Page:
2013 Annual Report
1a.Objectives (from AD-416):
The objective of this cooperative project is to confirm efficacy of treated materials to kill stable flies over extended periods of time under laboratory and field conditions.
Phase 2 - objective is to confirm efficacy of treated materials to kill stable flies and prevent them from entering animal production units in the field.
1b.Approach (from AD-416):
Insecticide-treated fabrics will be bioassayed in the laboratory to obtain LT50s for each fabric type. Fabrics will be placed in the field around livestock research facilities in Ghana, Kenya and other African countries for management of biting flies.
Phase 2 - Insecticide-treated fabrics will be placed around tethered livestock in semi-field conditions and monitored for management of stable flies.
This work directly relates to inhouse objective 1. Provide better tools for surveillance and risk assessment by: studying house fly feeding behavior, resource location, and nutrition under field conditions; developing more efficient stable fly attractants; studying specific behaviors of adults; and determining the risk of introduction of Stomoxys species other than calcitrans and prioritize the risk of other potentially invasive fly species, including traps that sample across the entire population of adults and produce results with quantifiable error terms.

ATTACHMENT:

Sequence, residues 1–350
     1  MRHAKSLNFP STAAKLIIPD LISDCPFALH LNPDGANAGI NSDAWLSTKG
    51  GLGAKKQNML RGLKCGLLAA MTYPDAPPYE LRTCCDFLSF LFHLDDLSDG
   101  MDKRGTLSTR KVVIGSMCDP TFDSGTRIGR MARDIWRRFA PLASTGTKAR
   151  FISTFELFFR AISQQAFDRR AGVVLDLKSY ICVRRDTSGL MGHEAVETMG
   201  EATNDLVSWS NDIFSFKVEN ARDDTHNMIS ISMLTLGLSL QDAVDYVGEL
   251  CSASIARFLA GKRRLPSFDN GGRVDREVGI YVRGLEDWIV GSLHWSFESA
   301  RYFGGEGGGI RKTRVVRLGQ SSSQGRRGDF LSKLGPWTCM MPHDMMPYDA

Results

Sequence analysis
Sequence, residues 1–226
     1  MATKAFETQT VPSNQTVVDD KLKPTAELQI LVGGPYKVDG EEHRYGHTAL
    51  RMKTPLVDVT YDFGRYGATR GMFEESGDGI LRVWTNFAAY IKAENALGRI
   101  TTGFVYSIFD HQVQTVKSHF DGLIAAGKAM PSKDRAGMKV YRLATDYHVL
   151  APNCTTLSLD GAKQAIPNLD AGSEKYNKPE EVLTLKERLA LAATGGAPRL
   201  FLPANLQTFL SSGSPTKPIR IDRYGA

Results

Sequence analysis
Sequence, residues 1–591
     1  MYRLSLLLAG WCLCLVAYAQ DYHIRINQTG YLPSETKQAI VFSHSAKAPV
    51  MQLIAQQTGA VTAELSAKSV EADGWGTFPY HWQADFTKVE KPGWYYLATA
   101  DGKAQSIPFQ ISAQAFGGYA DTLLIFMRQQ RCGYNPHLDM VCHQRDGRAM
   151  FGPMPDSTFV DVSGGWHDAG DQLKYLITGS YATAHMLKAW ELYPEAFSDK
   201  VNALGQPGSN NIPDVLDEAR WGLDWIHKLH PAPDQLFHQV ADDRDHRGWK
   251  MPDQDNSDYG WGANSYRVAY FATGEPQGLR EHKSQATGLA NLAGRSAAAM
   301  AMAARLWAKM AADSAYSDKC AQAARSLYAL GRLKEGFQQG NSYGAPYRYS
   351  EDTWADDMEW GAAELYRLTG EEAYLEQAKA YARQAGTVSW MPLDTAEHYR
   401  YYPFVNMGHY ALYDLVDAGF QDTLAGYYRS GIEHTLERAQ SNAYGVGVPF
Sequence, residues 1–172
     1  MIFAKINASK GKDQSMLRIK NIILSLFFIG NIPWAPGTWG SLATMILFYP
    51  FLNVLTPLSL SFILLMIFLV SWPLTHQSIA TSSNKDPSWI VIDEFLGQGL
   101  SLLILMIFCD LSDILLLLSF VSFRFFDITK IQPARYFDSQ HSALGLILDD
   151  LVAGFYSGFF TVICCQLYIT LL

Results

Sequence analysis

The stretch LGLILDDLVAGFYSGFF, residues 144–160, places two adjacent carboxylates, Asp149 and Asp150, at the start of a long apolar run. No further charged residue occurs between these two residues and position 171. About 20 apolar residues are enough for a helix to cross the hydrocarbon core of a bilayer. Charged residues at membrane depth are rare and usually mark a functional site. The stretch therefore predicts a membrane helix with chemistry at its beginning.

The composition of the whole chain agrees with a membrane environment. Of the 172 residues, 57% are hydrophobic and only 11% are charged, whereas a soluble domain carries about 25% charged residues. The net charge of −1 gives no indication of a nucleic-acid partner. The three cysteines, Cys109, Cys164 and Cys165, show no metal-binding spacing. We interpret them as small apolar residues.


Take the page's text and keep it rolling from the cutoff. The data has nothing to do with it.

Behavioral response of flies exposed to selected surfaces and surfaces treated with behavior-altering chemicals, such as attractants, repellents and pesticides. Research is in cooperation with Vestergaard-Frandsen, Switzerland. Insecticide-treated fabrics are being placed in the field around livestock facilities in the African countries Ghana, Nigeria, Kenya, Senegal, DRC and Uganda for management of biting flies. Research takes place by in-country visits by the ARS scientist, visits to the U.S. by Vestergaard Frandsen personnel, informal conferences at national and international entomology meetings, and by phone and internet exchanges. Bioassays are underway and the second trip to African study sites has been scheduled. Research is in cooperation with Vestergaard-Frandsen, Switzerland, and the objective is to determine the efficacy of treated fencing in the U.S. at a dairy near Lincoln, NE (added a co-PI from USDA, ARS in Lincoln, NE) and in focused studies with calves in Gainesville, FL. Year 1 of the study near Lincoln is almost completed and studies in Gainesville will proceed after approval of animal use permits.